The still unfolding cyber attack/terror plot against Sony Pictures is marked by a disturbing chain of events that among other outcomes, takes the insurance world into uncharted territory. In addition to producing important data breach questions for organizations that do not store credit cards or social security numbers, there has never been a Hollywood movie pulled from distribution due to a terrorist threat. A December 18 CNN Money report notes, "It's not clear if Sony's policy would pay anything in this situation."
Emerging details from the investigation suggest that North Korea's government is behind the attack. The motive is widely believed to be revenge. The isolated communist regime was angered by the studio's depiction and ultimate assassination of leader Kim Jong Un, in the now-shelved movie The Interview.
As part of their attack, hackers were able to obtain the social security numbers of 47,000 people, salary information for every Sony employee and the protected health information of some Sony workers. That progressed to the theft and release of intellectual property related to several movies, and internal email communications between senior Sony executives. Despite cancellation of the movie's debut, hackers continue to release this data to the general public in a torturous, methodical fashion.
The decision by the studio last week to pull the film was the result of 9/11-type threats issued by the hackers. These threats targeted movie chains scheduled to screen the work. After the successful scare of theater owners, Sony had few options but to cancel the release. The company also took the unusual step of requesting that the media refrain from covering events as they unfold, indicating that Sony will pursue legal damages resulting from the publication of details. If Sony adopts that course of action, the media might have insurance coverage questions of their own.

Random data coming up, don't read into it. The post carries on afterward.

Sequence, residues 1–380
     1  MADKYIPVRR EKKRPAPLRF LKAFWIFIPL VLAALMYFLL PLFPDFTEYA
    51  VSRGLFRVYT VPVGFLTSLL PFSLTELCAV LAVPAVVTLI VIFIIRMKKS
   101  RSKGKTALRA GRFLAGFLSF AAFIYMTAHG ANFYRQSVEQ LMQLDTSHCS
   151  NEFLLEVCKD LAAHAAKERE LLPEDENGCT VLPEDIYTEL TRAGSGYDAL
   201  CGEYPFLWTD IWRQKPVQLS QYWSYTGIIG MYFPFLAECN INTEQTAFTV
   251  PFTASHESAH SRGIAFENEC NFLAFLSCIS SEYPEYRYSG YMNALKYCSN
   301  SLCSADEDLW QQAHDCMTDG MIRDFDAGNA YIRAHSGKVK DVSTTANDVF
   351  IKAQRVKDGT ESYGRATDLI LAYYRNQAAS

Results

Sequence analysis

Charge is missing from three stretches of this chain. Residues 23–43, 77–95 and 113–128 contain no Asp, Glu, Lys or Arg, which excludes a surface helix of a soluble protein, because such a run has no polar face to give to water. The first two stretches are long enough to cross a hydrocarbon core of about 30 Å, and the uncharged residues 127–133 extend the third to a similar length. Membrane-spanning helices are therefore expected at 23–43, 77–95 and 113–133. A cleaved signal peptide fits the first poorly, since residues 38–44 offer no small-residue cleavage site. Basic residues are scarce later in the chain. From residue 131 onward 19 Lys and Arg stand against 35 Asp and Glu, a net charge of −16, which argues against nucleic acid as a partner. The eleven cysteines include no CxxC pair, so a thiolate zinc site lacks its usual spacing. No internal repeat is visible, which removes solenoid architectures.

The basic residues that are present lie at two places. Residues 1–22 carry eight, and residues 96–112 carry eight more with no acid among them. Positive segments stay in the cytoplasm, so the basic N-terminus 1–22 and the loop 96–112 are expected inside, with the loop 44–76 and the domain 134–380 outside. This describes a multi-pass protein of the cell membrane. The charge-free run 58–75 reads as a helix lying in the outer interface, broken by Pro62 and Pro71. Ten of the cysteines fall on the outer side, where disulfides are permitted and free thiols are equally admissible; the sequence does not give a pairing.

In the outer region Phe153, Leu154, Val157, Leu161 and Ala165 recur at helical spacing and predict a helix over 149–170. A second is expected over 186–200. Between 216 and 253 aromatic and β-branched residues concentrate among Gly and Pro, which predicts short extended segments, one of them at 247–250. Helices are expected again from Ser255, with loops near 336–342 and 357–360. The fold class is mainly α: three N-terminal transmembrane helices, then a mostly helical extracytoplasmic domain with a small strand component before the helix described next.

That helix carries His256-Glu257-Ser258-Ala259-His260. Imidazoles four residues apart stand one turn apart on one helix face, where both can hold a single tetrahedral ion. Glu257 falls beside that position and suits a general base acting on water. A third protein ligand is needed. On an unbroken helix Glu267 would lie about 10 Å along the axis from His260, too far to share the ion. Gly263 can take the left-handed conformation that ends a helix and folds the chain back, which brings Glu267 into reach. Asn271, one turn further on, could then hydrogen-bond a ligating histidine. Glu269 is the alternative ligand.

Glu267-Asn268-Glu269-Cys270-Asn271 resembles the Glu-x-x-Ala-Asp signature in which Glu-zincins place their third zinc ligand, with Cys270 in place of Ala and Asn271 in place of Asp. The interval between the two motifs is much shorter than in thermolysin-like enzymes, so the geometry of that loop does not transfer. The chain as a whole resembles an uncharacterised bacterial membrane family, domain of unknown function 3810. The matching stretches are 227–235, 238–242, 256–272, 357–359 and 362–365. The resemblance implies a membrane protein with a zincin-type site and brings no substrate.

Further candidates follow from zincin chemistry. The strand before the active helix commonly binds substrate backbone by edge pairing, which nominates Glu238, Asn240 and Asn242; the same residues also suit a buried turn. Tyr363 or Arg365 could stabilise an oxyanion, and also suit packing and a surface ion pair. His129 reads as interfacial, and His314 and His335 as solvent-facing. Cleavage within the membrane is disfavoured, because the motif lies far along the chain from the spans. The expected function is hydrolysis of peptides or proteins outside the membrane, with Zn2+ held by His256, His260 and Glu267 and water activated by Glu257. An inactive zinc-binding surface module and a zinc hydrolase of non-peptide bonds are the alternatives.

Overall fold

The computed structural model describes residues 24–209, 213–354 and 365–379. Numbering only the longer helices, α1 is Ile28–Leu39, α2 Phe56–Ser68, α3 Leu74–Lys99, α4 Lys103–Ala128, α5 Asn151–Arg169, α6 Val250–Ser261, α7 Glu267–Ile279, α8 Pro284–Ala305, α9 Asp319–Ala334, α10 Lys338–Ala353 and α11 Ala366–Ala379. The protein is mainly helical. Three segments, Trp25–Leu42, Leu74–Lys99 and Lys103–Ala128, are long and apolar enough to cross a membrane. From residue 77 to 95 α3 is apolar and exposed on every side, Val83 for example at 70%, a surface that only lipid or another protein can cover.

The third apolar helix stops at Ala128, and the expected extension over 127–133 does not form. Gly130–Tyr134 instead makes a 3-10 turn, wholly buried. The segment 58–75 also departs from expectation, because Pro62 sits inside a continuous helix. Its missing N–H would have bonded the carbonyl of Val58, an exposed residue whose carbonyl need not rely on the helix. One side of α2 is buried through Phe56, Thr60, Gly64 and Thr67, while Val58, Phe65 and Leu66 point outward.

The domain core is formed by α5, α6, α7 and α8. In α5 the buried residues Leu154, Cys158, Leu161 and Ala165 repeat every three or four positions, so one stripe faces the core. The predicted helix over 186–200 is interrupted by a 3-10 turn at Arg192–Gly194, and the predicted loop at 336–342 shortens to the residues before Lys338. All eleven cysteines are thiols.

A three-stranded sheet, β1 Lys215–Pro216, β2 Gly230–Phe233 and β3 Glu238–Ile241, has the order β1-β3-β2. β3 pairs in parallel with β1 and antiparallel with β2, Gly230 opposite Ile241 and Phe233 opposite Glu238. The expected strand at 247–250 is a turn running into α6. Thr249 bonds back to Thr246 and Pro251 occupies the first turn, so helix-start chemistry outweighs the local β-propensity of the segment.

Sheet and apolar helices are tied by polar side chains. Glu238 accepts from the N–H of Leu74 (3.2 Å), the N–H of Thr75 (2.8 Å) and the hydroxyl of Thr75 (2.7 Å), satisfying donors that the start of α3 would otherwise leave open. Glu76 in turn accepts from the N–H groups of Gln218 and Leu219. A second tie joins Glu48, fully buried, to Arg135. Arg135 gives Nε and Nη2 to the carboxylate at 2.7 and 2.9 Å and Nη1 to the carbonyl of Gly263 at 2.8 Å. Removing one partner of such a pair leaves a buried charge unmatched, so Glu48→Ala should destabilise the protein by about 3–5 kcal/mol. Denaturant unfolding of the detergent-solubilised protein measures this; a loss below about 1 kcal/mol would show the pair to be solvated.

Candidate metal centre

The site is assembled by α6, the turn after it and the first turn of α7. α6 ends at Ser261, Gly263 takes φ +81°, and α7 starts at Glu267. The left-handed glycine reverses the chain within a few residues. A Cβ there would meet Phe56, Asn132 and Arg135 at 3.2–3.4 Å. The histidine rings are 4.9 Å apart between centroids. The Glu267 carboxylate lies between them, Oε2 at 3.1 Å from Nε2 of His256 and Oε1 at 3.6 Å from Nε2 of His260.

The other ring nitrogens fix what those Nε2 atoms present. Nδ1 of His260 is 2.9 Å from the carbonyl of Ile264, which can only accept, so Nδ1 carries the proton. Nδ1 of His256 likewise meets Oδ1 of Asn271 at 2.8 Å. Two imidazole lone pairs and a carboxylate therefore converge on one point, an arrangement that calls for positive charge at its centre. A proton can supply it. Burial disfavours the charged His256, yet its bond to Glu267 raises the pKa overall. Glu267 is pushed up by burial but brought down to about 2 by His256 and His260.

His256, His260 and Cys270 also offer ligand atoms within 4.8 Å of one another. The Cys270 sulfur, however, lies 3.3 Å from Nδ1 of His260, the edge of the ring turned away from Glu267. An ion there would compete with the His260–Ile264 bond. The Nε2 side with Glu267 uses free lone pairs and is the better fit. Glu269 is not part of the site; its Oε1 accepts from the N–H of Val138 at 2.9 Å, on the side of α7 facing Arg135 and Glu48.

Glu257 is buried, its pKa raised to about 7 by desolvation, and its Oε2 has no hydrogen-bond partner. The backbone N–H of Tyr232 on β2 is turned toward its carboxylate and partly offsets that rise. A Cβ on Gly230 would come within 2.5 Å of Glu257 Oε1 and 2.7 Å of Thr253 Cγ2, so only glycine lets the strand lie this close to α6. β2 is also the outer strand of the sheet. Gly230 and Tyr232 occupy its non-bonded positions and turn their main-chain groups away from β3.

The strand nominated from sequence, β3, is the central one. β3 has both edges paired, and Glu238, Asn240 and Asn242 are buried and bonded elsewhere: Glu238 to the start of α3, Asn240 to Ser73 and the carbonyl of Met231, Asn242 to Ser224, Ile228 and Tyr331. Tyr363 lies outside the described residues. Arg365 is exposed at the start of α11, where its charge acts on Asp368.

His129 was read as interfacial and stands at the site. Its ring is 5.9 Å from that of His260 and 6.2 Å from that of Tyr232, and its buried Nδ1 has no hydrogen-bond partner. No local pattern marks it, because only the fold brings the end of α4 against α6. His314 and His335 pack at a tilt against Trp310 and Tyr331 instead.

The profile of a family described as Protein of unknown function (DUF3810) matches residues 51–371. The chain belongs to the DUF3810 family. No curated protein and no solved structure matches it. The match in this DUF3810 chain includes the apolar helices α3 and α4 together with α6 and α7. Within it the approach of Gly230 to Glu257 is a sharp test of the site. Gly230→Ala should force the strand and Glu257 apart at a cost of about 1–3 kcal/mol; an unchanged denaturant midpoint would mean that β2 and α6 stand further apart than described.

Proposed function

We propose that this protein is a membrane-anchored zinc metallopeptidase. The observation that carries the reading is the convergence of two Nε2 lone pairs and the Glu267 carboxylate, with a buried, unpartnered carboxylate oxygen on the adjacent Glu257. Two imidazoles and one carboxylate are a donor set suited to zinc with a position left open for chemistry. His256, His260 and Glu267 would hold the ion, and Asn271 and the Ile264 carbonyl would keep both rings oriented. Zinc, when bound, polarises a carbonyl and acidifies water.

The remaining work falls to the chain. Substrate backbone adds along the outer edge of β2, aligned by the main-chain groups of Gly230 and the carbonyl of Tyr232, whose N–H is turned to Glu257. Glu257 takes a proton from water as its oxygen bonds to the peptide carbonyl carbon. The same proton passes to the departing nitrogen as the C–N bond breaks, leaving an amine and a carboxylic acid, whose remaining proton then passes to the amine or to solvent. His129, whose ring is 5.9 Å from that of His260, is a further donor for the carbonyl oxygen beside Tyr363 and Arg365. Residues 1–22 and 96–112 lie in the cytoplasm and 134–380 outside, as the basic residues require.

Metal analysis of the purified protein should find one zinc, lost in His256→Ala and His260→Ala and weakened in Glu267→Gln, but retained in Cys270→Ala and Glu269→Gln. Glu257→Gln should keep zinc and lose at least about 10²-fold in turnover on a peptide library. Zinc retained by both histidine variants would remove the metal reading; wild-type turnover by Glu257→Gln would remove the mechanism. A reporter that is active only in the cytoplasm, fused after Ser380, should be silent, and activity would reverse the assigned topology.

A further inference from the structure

The resolution to cancel the film will not be cheap. Per to the same CNN Money report, "Sony spent $44 million making The Interview, according to reports based on those hacked emails. And it spent $35 million in marketing, according to other reports. Indeed, TV commercials were still running as recently as [last] Wednesday after the studio had pulled the plug." Without a product to sell and with the potential for Sony's insurer to deny loss claims, there may be no way of recouping the investment.
This is a precedent setting case that will clearly cost Sony more in financial and reputation losses than most traditional data breaches. The studio will pay the usual expenses related to a hacking including legal bills, IT forensics fees, credit monitoring costs and legal settlements. The theft of intellectual property and business interruption costs remain unknown, but will have a significant impact on Sony's bottom line. Movie chains and other Sony vendors will also be affected, and may also pursue legal action against the company.
The disclosure of embarrassing emails has undoubtedly damaged key business relationships, and the extent to which Sony can repair these remains in question. What began as a corporate security concern quickly progressed to a threat to national security, with senior government officials wondering what other foreign nations may be planning cyber attacks.
Larger questions are also being raised, including what the exact definition of "Cyber War" is, the impact of self-censorship, freedom of the press and how to determine the right amount of cyber security that an organization should maintain.
HUB International will continue to monitor events as they unfold. Keep visiting HUB's Crisis Management Center for the latest news and updates, and find ways to protect and prevent cyber crime in the Learning Center.